Wim Lucassen, MD; Henk C. van Weert, MD, PhD; Harry Büller, MD, PhD
Potential Conflicts of Interest: Dr. Lucassen: Grant (money to institution): Dutch Heart Foundation. Dr. van Weert: Grant: Dutch Heart Foundation. Disclosures can also be viewed at www.acponline.org/authors/icmje/ConflictOfInterestForms.do?msNum=M11-0905.
Lucassen W., van Weert H., Büller H.; Clinical Decision Rules for Excluding Pulmonary Embolism. Ann Intern Med. 2012;156:169-170. doi: 10.7326/0003-4819-156-2-201201170-00025
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Published: Ann Intern Med. 2012;156(2):169-170.
We thank Dr. Giusti, Ms. Coerezza, and Ms. Cernuschi for their interesting remarks. Three important issues were addressed: whether a d-dimer test is needed in low-probability patients, the issue of false-positive CT results in low-risk patients, and the adequacy of the outcome measure.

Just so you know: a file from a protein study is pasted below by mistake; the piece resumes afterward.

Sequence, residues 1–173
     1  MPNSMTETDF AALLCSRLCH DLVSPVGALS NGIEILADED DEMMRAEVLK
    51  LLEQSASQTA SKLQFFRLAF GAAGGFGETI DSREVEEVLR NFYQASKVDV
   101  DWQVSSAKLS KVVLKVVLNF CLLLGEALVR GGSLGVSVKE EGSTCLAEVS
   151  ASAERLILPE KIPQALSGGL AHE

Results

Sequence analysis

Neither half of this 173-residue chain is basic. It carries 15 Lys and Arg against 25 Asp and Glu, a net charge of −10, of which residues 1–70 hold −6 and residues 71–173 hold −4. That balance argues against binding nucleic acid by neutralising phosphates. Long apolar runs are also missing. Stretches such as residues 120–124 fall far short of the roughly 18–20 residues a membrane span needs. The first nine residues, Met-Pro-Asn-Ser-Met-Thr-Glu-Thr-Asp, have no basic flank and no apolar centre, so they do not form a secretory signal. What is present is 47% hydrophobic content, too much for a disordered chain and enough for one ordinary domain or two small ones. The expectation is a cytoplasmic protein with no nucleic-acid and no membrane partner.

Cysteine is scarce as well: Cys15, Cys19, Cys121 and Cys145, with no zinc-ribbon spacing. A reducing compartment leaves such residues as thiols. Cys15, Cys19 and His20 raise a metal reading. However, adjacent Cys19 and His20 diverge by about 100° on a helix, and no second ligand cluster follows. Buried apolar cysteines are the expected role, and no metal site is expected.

A study by Stein and colleagues (1) reported that among patients with a low clinical probability of PE, 42% of CT scans were false-positive. However, the study included all patients with a Wells score less than 2, without using a d-dimer test. The Christopher Study Investigators (2) reported that nearly 50% of low-risk patients (Wells score, 4) had a negative d-dimer test result and were not referred for CT. Using a d-dimer test in combination with a clinical decision rule will significantly reduce the number of low-risk patients referred for CT. Choosing the Wells rule with a high cutoff (Wells score, 4) will increase specificity and further decrease the number of referred patients. In our meta-analysis, we showed the safety of such a strategy.
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